Tina Charles added 19 points and nine rebounds and Gabby Williams (six points, six rebounds, six assists, two steals and a block) had several meaningful contributions.
However, the Storm needed another scoring threat and WNBA All-Star Jewell Loyd was held to a season-low one point on 0-for-6 shooting from the field and Seattle’s bench combined for just 11 points.
Former Washington Huskies standout Kelsey Plum scored 16 points while Chelsea Gray tallied 15 points and nine assists and Jackie Young had 15 points and six assists for Las Vegas (23-10), which clinched a top-four finish.
Despite being outplayed for most of the game, the Storm had their chances at the end.
Stewart drained a three-pointer to cut Seattle’s deficit to 70-68 with 7:15 remaining, but Las Vegas answered with a 7-0 run, including Gray’s layup and ensuing free throw for a three-point play.
The Storm made one last run when Stewart hit another three-pointer to pull within 81-77 with 2:35 left.
This time, the Aces countered with a 7-2 run capped by Plum’s corner three-pointer to go up 88-79 with 33.7 seconds on the clock.
“They know one got away today, but they can keep it perspective when you have Sue Bird sitting next to you and she has this infectious smile on her face and she’s ready to get it on to the next one,” said assistant Pokey Chatman, who assumed head-coaching duties while Noelle Quinn is in the league’s health and safety protocols. “When everyone gets home and we’re packing to go on our trip tomorrow, I’m going to be like damn I wish we could have gotten that done for her. And Sue doesn’t make you feel like that.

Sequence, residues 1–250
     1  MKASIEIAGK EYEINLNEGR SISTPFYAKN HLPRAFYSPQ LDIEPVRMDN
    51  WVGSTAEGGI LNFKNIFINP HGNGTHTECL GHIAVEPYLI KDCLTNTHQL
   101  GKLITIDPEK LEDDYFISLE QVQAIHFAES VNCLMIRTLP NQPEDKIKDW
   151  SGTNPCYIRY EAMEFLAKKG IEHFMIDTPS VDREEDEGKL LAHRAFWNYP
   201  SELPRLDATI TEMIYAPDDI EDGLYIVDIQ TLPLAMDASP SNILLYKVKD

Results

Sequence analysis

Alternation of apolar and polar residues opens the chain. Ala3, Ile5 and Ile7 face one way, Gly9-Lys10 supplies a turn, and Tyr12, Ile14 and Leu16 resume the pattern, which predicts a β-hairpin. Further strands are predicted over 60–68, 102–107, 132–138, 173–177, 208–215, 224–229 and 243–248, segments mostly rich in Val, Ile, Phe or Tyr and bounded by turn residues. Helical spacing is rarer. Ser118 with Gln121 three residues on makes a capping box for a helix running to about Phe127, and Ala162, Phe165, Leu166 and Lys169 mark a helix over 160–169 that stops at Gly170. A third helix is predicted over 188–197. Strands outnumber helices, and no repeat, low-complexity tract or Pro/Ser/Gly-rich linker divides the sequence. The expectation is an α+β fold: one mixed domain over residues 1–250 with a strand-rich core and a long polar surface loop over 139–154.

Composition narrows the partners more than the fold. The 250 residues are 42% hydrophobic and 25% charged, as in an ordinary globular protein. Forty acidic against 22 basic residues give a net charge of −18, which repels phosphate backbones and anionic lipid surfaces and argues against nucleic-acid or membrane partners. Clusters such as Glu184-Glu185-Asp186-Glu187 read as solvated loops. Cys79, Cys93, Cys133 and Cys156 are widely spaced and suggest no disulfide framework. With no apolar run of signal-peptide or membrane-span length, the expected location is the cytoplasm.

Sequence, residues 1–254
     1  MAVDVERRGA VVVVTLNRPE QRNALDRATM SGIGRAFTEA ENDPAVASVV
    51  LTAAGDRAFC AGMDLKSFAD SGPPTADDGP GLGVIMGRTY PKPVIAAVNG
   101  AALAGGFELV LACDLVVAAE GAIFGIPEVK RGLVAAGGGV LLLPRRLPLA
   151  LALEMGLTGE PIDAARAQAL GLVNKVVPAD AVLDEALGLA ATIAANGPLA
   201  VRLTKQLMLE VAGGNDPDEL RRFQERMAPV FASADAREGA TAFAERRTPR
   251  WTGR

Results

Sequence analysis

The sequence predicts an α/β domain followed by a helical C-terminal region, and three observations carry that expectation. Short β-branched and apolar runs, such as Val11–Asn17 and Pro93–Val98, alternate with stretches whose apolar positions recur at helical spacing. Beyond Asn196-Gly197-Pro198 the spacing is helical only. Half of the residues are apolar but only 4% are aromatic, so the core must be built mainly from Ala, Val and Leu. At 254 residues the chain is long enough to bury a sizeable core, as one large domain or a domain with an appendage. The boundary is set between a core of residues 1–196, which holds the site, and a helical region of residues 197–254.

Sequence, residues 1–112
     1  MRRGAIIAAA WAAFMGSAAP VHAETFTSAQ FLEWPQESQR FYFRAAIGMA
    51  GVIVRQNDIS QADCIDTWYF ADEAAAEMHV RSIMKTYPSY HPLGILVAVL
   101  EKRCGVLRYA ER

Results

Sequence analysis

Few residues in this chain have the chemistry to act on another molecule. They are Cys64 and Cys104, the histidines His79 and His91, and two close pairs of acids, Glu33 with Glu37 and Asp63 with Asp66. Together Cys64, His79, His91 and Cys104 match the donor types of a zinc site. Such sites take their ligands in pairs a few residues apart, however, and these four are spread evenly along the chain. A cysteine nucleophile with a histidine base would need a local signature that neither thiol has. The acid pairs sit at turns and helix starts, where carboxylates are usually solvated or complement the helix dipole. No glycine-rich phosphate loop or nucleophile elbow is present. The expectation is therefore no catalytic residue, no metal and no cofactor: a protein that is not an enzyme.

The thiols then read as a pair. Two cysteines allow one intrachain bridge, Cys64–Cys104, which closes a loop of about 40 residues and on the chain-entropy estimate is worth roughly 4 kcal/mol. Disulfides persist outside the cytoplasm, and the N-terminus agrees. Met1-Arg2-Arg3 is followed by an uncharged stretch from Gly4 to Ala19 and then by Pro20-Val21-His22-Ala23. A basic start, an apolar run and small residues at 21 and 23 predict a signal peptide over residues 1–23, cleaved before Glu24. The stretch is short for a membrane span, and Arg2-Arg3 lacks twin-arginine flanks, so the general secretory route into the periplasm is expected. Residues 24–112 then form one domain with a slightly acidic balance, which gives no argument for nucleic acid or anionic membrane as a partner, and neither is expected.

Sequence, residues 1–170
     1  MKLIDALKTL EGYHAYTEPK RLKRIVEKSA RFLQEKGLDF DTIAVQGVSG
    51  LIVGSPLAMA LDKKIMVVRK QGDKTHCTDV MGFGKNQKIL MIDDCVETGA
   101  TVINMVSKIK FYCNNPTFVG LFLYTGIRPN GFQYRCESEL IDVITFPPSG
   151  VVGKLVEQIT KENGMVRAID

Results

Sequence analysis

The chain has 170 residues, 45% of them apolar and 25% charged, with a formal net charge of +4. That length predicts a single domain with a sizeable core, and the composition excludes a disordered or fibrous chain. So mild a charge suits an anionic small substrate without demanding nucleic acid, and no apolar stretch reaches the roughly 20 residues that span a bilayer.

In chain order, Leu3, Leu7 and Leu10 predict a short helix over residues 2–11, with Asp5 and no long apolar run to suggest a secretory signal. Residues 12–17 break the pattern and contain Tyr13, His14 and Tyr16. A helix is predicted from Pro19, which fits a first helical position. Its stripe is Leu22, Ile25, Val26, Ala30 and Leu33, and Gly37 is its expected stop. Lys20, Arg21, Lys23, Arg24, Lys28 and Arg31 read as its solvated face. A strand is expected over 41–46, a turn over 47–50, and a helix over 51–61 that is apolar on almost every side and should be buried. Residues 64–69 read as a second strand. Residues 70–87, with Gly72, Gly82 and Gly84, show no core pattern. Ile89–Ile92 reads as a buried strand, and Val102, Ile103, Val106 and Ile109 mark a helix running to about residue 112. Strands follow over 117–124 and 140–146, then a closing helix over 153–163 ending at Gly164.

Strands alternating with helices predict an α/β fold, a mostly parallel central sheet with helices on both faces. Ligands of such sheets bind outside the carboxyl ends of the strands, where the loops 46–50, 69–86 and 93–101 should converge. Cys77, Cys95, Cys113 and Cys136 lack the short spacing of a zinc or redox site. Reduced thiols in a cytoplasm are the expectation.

“I don’t take Sue for granted but sometimes she’s out there laughing and talking and having comedy hour and I’m crying. And I’m not a crier. You kind of step back and you’re like ‘Damn, this woman is special.’ The thing about is, it’s not over yet and we’re going to be back here.”
Well, that remains to be seen.
With three games remaining, the Storm (20-13) have a half-game lead over the Washington Mystics (20-14) for fourth place in the WNBA standings. If the teams finish the season in a two-way tie, then Seattle gets the higher seed and would host the first two games in a best-of-three first-round playoff series due to winning the regular-season matchup 2-1.
However, Washington has an easier finish with two games against the Indiana Fever, which has the worst record in the league. Seattle concludes with a three-game road trip against Chicago, Minnesota and Las Vegas.
But that’s a story for another day.
Sunday was all about Bird, who in keeping with her team-first personality, passed the praise to the organization in which she’s played her entire career.
“I know my name has become synonymous with this franchise and it’s become a little bit of a household name in this city and this community,” Bird said. “So even though I take great pride in that, I take great pride of what I’ve accomplished while I’ve played here and great pride in being a member of this franchise, I also think today was – and this isn’t me shying away from the spotlight – my name is synonymous, but what I represent is all the players who played her.
“All the championships we’ve won. All the coaches who have come through. Everyone who has come through the front office. Everyone who has been on staff here. I’m just that one name. Today was in honor of me and people showed up and showed out for sure. It really was amazing, but I think it really and truly is a celebration of Storm basketball because I am Storm basketball.”